Im no pid expert or guru either but having now thought about it for a bit, I think what would work would be to set up a PID loop for the outer tank with the set point being the PID output of the inner tank (cascading pid?).
To do this you will have to create a dummy output point on the I/O unit scaled from say 0 to 150. This will be the output point for the inner tank pid loop. The inner tank temp sensor will be the input for the inner tank pid and the set point will be 110deg. The pid loop min/max range would be set the same as the dummy output point.
When configuring the outer tank pid loop, the set point would be set to I/O and pointed to the dummy output point. You could set the PID input upper value to 150deg and by setting the force output when out of range to a nominal value would ensure the outer tank would be protected. The input for this pid would be the outer tank sensor and the output would be the watlow controller.
Then it would be a matter of tuning. As the inner tank gets hotter the set point of the outer tank decreases (this would indicate a - p value) therefore backing off the heating element. If the inner tank is cool, the output would increase therefore increasing the set point of the outer PID loop. It would be a fun tuning experience.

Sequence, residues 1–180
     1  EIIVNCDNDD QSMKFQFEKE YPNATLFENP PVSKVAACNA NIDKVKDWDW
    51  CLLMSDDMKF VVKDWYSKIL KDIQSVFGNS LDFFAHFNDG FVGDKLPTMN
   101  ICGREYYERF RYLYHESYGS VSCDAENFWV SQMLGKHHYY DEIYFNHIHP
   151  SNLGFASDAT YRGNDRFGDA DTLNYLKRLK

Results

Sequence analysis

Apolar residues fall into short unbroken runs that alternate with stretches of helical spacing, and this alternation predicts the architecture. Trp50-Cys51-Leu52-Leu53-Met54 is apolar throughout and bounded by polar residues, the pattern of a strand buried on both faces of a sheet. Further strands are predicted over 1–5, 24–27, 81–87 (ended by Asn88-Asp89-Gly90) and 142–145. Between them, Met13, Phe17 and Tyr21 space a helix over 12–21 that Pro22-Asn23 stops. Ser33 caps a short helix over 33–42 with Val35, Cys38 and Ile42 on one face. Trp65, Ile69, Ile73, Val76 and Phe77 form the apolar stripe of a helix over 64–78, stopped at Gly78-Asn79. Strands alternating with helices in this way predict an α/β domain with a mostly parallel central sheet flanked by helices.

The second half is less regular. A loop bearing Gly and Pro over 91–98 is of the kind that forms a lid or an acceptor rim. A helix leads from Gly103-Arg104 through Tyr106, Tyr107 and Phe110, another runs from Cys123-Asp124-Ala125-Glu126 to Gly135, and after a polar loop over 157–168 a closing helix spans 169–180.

Outer tank control would have to be pretty responsive to cater for the set point changes, and the inner PID would have to be slowish to ensure there are no massive output changes (resulting in set point changes in the outer tank pid loop). It may be the case that the dummy output point might have to be scaled between say 100deg and 150deg or the inner PID loop max output change be limited to something like 5 or 10 to ensure the output cannot go from min to max in a short period of time causing the outer tank pid to swing massively.
If I was going to perform this I’d probably tune the outer pid loop first and make sure it is very snappy and responds well to setpont changes. Then I’d start with a slow pid loop on the inner tank working up to some acceptable tuning values. if the inner loop gets hard to tune (causing problems wit the outer tank pid loop), I’d probably look at trying rescaling the output of the inner tank pid or restricting the max output change of the outer tank pid. At some point you should be able to get them in sync.
Bear in mind too that if you don’t have the room on the IO unit for a dummy output point, you can set the output of the inner tank pid to host and the set point of the outer tank to host. This would then involve coding in some commands to read the inner tank output into the set point of the outer tank. If the IO is remote (ie an eb or sb brain) then the pid’s would not work autonomously as they would rely on commands from the strategy to perform their tasks.
I hope this makes sense (it did to me when i was thinking it…)